Feeding your chickens cooked meat scraps will not turn them into cannibals. It can provide a nutritious treat, especially during a molt as increased protein during this time can help with new feather development. For extra protein, you can also cook your excess chicken eggs and feed them back to your flock. I like to feed eggs to my chickens during the winter. That’s when it’s hard for them to pick up extra protein through their free ranging. I scramble the eggs with no seasoning and then give them to my birds.
Cannibalism in chickens is a behavior and not something caused by food. Often it’s an innocent behavior that starts when one member of the flock has a cut or broken feather that’s bleeding. Exposed areas on the body draw attention and unwanted pecking and that can lead down a path of cannibalism. If you find one of your chickens with a cut, make sure to treat it promptly. If necessary, separate the bird until it heals.
4. What are Those Chickens with Red Things on Their Heads? They Must be Roosters!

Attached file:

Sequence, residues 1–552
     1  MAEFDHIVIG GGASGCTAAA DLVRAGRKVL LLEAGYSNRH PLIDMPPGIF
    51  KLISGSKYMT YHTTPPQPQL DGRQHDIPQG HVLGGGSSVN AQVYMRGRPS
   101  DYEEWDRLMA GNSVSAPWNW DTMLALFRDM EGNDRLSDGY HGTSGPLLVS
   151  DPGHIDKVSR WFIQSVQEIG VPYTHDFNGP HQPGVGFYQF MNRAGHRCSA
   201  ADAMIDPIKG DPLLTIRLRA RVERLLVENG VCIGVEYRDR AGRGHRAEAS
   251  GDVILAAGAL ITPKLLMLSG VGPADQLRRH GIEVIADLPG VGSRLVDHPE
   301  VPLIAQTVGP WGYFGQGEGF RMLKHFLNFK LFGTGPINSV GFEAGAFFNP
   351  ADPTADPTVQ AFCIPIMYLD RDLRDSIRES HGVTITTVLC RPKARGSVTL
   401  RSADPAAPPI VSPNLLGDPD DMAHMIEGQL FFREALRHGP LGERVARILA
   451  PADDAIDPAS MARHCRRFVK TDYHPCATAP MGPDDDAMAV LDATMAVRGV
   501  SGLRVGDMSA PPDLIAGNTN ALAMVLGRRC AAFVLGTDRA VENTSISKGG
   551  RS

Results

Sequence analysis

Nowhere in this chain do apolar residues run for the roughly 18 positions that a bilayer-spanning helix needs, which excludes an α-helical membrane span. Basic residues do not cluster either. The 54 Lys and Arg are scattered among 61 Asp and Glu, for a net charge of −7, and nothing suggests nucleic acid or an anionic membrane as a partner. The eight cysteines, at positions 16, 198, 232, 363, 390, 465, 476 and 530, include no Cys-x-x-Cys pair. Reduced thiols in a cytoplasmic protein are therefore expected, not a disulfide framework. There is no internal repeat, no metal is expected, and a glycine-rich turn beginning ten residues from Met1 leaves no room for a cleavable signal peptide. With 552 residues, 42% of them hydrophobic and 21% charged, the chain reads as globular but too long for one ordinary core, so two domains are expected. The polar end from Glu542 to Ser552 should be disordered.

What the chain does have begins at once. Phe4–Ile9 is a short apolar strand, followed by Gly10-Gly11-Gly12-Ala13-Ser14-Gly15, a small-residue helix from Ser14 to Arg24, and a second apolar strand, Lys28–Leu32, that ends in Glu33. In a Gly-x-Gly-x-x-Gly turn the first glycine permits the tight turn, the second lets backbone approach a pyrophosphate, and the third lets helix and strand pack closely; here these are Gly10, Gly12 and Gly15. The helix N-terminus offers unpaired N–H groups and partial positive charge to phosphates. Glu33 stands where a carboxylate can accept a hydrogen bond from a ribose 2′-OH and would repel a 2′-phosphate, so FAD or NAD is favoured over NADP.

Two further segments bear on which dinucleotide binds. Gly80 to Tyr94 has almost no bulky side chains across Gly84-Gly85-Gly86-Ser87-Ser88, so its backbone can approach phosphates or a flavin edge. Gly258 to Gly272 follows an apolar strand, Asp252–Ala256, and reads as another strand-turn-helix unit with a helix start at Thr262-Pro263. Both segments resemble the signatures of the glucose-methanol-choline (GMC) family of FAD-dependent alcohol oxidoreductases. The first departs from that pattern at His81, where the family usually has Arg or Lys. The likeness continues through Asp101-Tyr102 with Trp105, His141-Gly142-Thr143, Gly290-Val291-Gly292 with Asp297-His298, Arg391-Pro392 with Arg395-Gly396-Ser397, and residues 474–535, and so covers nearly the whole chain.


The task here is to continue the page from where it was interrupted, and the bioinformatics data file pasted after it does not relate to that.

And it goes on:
This is a funny question that so many people ask if they don’t have chickens. As backyard chicken owners know, the red thing on top of a chicken’s head is a comb and the red thing hanging from the throat is a wattle. Both hens and roosters have combs and wattles. Roosters have much larger combs and wattles than hens.
The more in-depth follow up to this question is what purpose do the combs and wattles serve? For roosters, their comb is used as a way to attract females. Hens are specific when looking for a mate. A large, bright red comb with tall points (given the breed) and evenly formed wattles is desired. This makes sense because this is a sign of a healthy bird that can carry a strong genetic link.